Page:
In combination with already existing infrastructure, these planned or in-construction plants, if run for a standard plant lifetime, could burn up much of the remaining carbon budget for holding Earth’s temperature increase below two degrees Celsius, or 3.6 degrees Fahrenheit, the research concludes.
“The main message is that when we continue with the existing coal fired power plants, and build the new ones, we are closing the door to the 2 degree target,” Edenhofer said. The research was published in Environmental Research Letters, with co-authors from the Potsdam Institute for Climate Impact Research and the Technical University of Berlin.
The study is based on a concept of “lock-in” or “committed” emissions: Once a coal plant is completed and put into service, the thinking goes, it’s likely to operate for long time to justify the cost of the investment.
And based on an analysis of global coal plans, the research finds that five countries — India, China, Turkey, Vietnam and Indonesia — are home to “nearly three quarters (73 percent) of the global coal-fired capacity that is currently under construction or planned.” Vietnam, if plans are carried forward, could see 948 percent growth in coal emissions, the research asserts, by 2030.
But even as this is happening, the study notes that we have only about 700 billion tons of carbon dioxide that can still be emitted, after the year 2016, to preserve good odds of holding the temperature increase below two degrees Celsius. Existing coal plants and other infrastructure are capable of consuming 500 billion tons on their own, assuming we use them until they are worn out.
New coal plants that are underway or planned, meanwhile, could consume another 150 billion tons, the research finds, during their lifetimes. That pretty much accounts for the two degrees Celsius budget right there.
Here’s a figure from the study showing these calculations:
And if we want to hold warming to just 1.5 degrees Celsius … well. The numbers suggest there’s not much chance of that happening, even with the existing infrastructure alone.
“There is a real risk that the inertia of fossil fuel infrastructure will drag us past where we want to be,” said Steven Davis, an energy researcher at the University of California at Irvine, in a comment on the study.
“However, the retirement of power plants is ultimately an economic decision, and one that gets easier as non-fossil energy sources get cheaper,” Davis added. “And of all coal plants proposed in recent years, only about half have historically been built, and that fraction has been trending down in key places like China and India.”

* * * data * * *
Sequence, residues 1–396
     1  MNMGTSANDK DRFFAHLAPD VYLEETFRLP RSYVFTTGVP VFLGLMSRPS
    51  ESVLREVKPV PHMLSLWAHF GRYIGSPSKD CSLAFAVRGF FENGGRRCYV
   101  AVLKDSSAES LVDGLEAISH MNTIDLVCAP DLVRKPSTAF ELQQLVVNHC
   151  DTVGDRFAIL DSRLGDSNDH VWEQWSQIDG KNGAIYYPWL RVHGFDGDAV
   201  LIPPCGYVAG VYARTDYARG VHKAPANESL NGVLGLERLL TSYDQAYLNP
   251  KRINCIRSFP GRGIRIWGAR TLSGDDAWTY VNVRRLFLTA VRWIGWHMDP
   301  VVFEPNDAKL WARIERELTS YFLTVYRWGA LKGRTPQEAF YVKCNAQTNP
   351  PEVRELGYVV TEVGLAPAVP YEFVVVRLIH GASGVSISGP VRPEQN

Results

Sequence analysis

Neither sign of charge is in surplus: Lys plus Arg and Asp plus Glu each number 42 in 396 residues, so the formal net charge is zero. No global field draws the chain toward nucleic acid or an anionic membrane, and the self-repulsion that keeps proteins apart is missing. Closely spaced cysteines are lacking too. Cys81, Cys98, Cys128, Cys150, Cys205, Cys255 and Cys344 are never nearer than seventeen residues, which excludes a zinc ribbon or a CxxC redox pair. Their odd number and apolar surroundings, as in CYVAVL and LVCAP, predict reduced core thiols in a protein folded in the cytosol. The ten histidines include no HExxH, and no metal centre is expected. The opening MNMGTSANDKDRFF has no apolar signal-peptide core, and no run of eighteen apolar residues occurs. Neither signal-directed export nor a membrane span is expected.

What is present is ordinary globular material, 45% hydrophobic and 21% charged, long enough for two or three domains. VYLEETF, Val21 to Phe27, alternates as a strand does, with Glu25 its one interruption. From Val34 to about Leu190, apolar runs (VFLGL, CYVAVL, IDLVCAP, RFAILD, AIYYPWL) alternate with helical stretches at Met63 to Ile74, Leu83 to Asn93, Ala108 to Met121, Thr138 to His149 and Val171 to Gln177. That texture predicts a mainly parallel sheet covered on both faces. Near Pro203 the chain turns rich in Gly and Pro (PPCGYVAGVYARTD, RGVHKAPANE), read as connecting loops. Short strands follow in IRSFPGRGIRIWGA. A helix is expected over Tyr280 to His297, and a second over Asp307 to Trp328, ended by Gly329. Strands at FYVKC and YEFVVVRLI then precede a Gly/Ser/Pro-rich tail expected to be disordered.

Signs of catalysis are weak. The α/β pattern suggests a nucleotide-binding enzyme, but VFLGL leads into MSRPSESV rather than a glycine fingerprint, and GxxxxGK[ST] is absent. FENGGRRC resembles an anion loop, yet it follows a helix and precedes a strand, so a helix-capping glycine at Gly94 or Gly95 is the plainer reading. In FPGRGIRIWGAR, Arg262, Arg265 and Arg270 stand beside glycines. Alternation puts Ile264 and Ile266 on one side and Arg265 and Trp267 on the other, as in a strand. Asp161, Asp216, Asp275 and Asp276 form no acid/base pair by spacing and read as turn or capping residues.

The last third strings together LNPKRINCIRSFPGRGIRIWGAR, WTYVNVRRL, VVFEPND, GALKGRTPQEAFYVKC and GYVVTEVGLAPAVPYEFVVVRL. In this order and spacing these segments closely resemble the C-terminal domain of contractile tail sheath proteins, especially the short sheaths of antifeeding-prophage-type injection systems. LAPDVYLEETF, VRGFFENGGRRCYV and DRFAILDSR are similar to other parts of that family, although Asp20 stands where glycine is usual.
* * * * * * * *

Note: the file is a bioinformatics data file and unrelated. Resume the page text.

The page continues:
That highlights the key challenge with the study — it’s one thing to say that coal plants are planned, and quite another to say that they will be completed and used throughout their full potential lifetimes.
The research is based on a database by CoalSwarm, a project of the Earth Island Institute, which carefully tracks coal plants in varying stages of completion across the globe, in collaboration with Greenpeace and the Sierra Club. The group makes is clear that it opposes the new coal plants that it is tracking.
Christine Shearer, a researcher with CoalSwarm, said it’s important to bear in mind that not all coal plants are actually completed. “Since we started doing this work, since 2010, only about a third of proposed coal plants ever begin construction or are commissioned,” she said.
“Stranding or divesting from coal power plants is an outcome that is in reach also,” added Peter Erickson, an expert with the Stockholm Environment Institute, who reviewed the study but was not involved with it. “Coal financing and political and social norms around coal are also rapidly changing.”
Edenhofer, the study author, countered that the current building plans are important information.
“This does not mean we are doomed, but these announcements are announcements which should be taken into account very seriously,” he said. “These are not just paper plants, these are real plants.”
It’s important to consider the implications of the new study in terms of equity, experts say. It’s not fair to say that developing nations should cancel coal plans when major industrialized countries, like Germany and the United States, continue to burn large amounts of coal.
“Higher-income countries have by far the greatest coal power — U.S., Germany, China, Russia, Japan — and so the phaseout in these countries is even more important in the big picture and, also, more equitable,” Erickson said.
Edenhofer doesn’t disagree. He cited Germany as one example of a developed nation set to miss climate targets because it is burning a lot of coal.
“I can see a fairness issue,” Edenhofer said. “But when we want to be fair, this means that we have to support the developing countries in building up a new infrastructure.”
The ultimate conclusion, though, is that operating and future coal plants alike are in tension with the Paris climate agreement and widely accepted climate goals.
“If we don’t stop building coal plants now, we will have four unpalatable options,” said Cameron Hepburn, a researcher at the University of Oxford, in a comment sent by email. “We either (1) shut down coal plants early, (2) retrofit expensive carbon capture technologies, (3) suck even more CO2 out of the atmosphere, potentially at high cost, or (4) burn through the 2 degree C target.”